A 1701 will of the vicar at Waverton stated that notice was to be given 'by the Belman to the People of Chester, of the time when, and the place where my Corpse is to be buried'

In 1620, there was a fight at the Chester cross between the butchers and the bakers where the 'Cryer brake his Mace in peeces Amonge them'. In 1607, one public notice read by George Tunnall, the bellman, forbade tipping rubbish in the river. In 1715, a local man recorded that the 'Belman at the Cross ... Reads publicly a proclamation in the Mayor's name, commanding all persons in the City to be of peaceable and civil behaviour, not to walk around the Streets or Rows at unreasonable hours of night'. Chester once had a crier, a day bellman and a night bellman but in 1734, John Posnitt took over as 'Day and Night Bellman'.

Salmon fishing season was also closed by the bellman, four newspaper articles of the late 18th century refer to this practice:

Courant 17 April 1792 A few days ago some persons were brought before our magistrates, charged with angling and catching salmon fry in the River Dee, As the law expressly forbids the young salmon to be taken, either with nets or other engines, the bellman had orders to give notice to the inhabitants, that prosecutions would be commenced against any persons offending in the like manner.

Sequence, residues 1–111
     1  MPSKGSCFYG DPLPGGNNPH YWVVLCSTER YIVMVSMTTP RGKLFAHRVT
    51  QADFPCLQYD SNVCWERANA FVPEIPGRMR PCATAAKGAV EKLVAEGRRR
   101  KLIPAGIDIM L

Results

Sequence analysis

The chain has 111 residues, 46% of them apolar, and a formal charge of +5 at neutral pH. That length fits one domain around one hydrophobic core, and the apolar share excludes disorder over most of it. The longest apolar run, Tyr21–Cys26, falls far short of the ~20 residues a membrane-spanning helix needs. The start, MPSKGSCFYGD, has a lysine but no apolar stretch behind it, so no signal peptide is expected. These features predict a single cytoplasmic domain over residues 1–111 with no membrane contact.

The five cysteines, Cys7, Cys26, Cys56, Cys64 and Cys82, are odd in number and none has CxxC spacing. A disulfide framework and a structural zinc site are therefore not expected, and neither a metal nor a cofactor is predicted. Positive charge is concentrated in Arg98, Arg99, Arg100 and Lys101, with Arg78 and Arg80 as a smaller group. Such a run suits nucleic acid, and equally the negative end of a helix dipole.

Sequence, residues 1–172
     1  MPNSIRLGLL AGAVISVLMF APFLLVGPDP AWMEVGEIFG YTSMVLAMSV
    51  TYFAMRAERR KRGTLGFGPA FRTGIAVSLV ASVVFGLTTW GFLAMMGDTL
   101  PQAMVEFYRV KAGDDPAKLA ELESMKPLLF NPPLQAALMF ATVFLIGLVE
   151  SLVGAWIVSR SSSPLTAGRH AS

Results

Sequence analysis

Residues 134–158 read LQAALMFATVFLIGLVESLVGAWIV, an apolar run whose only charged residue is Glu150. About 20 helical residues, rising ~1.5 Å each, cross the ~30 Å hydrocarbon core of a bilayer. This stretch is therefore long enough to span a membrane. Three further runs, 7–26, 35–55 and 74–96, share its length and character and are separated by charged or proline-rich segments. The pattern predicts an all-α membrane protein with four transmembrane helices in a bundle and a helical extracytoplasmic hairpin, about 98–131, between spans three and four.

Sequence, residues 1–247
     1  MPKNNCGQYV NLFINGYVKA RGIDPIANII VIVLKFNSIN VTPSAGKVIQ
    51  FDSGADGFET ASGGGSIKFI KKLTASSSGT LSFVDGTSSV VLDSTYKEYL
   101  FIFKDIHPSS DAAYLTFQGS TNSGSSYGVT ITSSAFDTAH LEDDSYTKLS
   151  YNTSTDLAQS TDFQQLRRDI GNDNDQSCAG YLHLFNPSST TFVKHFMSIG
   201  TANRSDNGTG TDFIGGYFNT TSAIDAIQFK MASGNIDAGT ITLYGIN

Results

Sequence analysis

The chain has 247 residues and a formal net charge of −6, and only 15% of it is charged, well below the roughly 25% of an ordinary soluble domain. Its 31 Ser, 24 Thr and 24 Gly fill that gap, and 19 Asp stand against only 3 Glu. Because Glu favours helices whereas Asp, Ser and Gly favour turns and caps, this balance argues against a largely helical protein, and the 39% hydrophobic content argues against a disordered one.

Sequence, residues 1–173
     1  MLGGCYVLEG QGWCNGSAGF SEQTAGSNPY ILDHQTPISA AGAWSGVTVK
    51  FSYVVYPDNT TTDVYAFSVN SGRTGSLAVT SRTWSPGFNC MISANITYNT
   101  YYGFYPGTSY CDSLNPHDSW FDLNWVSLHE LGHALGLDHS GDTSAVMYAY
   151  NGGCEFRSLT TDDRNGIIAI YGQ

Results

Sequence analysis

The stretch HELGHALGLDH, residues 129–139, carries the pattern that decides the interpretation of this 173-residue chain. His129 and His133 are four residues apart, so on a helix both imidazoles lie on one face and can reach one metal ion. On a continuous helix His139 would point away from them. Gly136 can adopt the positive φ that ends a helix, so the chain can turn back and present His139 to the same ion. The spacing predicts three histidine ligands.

Courant 8 September 1852 Close of the Dee Salmon Fishery THE 'fence time' for taking salmon in the Dee was 'called' according to custom on Wednesday last, the 1st September. It is now unlawful to take salmon in the river by any means whatsoever. Fishermen and dealers, therefore, will not fail to remember that a heavy penalty now attaches to the taking of salmon.

Chronicle 29 March 1862 The Dee Salmon Fishery FISHING commences in March, and the close season on the 1st September, but little attention has been paid to the latter, except in the immediate vicinity of Chester, where the [fisher]men were exposed to the observation of the Dee [Salmon Conservanct]Association. When the bellman was sent by that body to the fishing villages in the neighbourhood to cry the close season, the fishermen dropped down with the tide [as far as the Estuary], and set to work again, beyond the sound of the bell and the surveillance of the association.

Handbridge was one of these fishing villages of course: